Court Cases

GSU Copyright Case: Post-Argument Panel to Be Held, Webcast Nov. 19

Georgia State University LibraryGSU Library
image © Jason Puckett
In 2012, the North Georgia District Court ruled largely in favor of Georgia State University (GSU) in the ongoing copyright lawsuit initiated by Cambridge University Press, Oxford University Press, and SAGE Publishers. The decision was the first US federal court decision specifically addressing fair use and electronic reserves. Plaintiff publishers appealed on many points of the ruling.

 
 

Libraries Applaud Dismissal of Google Book Search Case

screenshot of Mrs Dalloway in Google BooksGoogle BooksAfter eight years of litigation, the US District Court for the Southern District of New York today upheld the fair use doctrine when the court dismissed Authors Guild v. Google, a case that questioned the legality of Google’s searchable book database.

 
 

Fisher v. University of Texas Amicus Brief (Oct. 2013)

On October 31, 2013, ARL joined more than 40 associations in signing this amicus brief in support of the University of Texas in its appeal of the ruling in Fisher v. University of Texas. The case challenges the affirmative action admissions policy of the University of Texas.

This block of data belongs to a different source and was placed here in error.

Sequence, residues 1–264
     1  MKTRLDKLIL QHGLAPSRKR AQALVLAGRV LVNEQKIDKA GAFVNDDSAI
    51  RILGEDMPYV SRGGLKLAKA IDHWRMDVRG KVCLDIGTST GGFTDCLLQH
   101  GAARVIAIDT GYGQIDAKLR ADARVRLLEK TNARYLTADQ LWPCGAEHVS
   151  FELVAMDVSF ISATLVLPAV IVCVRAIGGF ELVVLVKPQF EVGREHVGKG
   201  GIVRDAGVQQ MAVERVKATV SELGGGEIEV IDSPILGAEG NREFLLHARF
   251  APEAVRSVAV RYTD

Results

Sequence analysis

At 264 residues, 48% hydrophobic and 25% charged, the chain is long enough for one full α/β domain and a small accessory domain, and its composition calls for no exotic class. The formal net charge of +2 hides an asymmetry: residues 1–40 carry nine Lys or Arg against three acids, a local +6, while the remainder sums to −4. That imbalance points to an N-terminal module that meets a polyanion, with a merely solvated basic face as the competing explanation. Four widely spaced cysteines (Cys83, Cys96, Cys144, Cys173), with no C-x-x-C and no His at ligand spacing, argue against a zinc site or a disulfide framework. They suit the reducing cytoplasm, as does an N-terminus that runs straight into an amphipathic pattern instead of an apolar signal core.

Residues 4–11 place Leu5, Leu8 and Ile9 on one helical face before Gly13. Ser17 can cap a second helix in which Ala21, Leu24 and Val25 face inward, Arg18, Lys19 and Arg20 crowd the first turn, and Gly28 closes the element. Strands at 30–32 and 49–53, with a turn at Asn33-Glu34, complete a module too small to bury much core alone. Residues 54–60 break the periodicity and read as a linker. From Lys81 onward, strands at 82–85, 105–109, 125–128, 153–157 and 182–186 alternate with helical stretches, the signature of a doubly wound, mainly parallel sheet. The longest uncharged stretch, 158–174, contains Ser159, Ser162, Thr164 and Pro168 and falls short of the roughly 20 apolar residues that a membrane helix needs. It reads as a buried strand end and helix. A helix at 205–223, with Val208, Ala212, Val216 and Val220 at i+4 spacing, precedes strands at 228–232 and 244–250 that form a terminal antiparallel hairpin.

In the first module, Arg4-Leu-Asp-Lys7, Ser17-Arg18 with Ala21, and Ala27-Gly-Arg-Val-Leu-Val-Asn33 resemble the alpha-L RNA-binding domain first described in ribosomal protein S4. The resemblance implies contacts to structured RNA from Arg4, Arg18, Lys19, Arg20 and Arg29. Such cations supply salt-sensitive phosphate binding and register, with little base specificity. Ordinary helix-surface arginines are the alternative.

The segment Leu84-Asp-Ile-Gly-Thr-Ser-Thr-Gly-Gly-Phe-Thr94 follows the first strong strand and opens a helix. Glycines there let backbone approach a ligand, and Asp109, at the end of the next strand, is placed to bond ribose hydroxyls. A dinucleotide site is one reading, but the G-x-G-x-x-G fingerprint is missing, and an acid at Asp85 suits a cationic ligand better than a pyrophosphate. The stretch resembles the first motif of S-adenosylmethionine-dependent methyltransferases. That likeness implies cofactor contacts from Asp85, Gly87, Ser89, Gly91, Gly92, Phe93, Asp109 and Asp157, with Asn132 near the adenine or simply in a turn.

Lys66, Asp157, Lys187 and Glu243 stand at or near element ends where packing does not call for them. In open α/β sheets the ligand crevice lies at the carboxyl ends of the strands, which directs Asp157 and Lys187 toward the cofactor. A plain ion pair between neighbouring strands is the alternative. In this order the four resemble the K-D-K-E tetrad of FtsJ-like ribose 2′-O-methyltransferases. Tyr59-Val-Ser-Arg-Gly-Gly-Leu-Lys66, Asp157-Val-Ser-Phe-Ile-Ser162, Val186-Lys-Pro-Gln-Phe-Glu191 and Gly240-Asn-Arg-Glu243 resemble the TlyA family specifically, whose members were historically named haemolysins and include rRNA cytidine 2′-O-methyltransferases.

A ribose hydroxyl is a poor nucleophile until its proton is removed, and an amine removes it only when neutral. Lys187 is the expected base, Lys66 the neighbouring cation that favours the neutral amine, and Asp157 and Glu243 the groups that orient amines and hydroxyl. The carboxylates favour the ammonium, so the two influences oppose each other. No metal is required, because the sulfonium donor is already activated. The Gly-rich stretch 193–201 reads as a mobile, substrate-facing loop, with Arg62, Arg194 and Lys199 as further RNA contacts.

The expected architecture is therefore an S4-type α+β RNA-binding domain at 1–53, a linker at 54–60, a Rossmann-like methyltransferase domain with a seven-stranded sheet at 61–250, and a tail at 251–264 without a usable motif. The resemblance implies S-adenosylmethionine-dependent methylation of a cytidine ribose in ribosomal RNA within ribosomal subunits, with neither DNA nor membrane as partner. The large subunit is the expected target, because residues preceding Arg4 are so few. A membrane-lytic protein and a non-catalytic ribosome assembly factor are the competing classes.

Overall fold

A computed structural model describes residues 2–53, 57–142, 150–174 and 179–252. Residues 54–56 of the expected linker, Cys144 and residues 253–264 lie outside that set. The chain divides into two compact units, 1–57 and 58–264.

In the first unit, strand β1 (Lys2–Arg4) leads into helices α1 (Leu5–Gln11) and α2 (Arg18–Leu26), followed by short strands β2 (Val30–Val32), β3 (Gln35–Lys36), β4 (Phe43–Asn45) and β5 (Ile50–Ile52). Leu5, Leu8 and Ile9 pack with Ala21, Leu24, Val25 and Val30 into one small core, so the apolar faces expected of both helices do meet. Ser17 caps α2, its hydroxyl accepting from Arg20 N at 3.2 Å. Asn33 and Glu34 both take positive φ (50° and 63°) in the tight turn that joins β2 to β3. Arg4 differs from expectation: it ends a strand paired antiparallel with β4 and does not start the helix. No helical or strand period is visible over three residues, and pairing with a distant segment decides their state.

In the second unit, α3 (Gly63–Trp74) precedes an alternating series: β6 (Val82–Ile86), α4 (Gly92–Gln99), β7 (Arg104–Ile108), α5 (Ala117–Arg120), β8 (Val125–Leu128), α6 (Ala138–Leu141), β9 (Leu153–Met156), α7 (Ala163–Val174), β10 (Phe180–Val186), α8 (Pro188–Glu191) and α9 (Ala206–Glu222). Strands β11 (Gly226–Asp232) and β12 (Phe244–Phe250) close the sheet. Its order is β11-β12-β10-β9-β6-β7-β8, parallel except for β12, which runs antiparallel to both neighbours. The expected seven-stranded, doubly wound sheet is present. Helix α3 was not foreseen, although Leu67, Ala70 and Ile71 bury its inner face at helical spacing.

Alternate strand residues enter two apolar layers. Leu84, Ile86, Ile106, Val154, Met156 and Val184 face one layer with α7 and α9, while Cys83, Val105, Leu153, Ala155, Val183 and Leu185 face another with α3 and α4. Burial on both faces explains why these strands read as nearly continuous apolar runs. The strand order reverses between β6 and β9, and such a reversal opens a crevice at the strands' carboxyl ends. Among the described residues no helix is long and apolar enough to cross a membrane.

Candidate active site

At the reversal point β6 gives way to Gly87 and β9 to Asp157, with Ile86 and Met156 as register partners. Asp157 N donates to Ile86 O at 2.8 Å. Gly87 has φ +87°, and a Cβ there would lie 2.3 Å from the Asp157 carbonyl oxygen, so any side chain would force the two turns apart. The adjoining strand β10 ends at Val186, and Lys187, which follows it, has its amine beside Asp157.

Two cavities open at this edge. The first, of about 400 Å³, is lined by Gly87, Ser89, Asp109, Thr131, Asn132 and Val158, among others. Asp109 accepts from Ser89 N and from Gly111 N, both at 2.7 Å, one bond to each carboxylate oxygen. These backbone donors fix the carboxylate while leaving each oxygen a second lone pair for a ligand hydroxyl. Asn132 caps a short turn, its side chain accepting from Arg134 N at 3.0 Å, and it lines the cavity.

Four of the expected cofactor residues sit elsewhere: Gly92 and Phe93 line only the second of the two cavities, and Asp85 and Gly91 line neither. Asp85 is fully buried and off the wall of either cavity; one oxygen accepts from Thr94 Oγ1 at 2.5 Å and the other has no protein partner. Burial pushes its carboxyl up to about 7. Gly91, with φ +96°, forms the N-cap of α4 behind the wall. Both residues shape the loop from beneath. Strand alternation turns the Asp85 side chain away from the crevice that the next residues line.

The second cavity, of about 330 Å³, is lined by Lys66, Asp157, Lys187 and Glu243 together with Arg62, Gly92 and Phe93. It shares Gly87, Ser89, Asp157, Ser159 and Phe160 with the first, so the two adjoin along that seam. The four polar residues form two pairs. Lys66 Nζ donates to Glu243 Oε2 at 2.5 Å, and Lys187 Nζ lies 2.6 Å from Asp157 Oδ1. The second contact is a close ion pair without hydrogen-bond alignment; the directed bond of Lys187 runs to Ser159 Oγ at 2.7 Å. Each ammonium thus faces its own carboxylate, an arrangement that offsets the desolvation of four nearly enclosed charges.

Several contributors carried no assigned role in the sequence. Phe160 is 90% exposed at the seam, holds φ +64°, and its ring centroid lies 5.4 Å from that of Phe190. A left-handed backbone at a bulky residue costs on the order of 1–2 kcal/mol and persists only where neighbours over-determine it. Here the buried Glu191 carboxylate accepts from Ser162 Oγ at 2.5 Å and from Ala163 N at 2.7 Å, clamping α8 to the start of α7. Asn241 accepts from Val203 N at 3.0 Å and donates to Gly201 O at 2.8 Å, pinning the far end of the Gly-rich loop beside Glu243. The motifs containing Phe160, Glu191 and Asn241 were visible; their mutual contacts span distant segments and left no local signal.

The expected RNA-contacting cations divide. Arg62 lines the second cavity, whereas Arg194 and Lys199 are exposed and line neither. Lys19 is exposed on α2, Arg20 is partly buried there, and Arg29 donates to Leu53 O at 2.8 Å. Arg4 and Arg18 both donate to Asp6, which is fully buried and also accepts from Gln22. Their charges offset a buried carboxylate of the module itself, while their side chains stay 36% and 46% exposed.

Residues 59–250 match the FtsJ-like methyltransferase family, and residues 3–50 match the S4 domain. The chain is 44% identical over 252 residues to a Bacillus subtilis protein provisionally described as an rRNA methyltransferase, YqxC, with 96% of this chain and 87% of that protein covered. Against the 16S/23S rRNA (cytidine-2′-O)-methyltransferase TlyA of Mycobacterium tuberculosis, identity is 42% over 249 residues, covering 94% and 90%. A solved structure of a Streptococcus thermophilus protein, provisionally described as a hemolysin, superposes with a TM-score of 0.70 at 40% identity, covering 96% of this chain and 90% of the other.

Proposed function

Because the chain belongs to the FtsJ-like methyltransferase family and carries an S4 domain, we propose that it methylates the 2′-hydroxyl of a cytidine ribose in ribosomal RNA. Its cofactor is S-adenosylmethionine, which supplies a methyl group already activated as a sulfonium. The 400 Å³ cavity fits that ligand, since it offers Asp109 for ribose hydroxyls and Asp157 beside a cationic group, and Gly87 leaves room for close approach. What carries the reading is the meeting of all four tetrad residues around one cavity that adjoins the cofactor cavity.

pdf amicus-fisher-v-university-of-texas-31oct13.pdf

 
 

ARL Joins ACE, Other Higher Ed Groups in Amicus Brief on Diversity in Admissions

image © Scott LengerOn August 30, ARL joined the American Council on Education (ACE) and 47 other organizations in submitting an amicus brief (PDF) to the US Supreme Court in Schuette v. Coalition to Defend Affirmative Action. In the brief, the amici urge the Supreme Court to overturn Michigan’s ban on considering race in college and university admissions. 

 
 

Higher Ed Associations Reaffirm Commitment to Diversity after Fisher v. UT

US Supreme Court buildingClick to view PDF of ad
image © Scott Lenger
ARL and 36 other members of the Washington Higher Education Secretariat placed an advertisement (PDF) in yesterday's New York Times declaring that diversity in higher education remains a national priority. Last week, the US Supreme Court issued a decision in Fisher v. University of Texas at Austin et al., a closely watched case challenging the University of Texas’s consideration of race as part of its admissions policy. The Supreme Court held that the Fifth Circuit had not applied the correct level of scrutiny to the policy and sent the case back to the Fifth Circuit for review. In its decision the Supreme Court maintained the legal principle that the educational benefits of a diverse student body are a compelling governmental interest.

 
 
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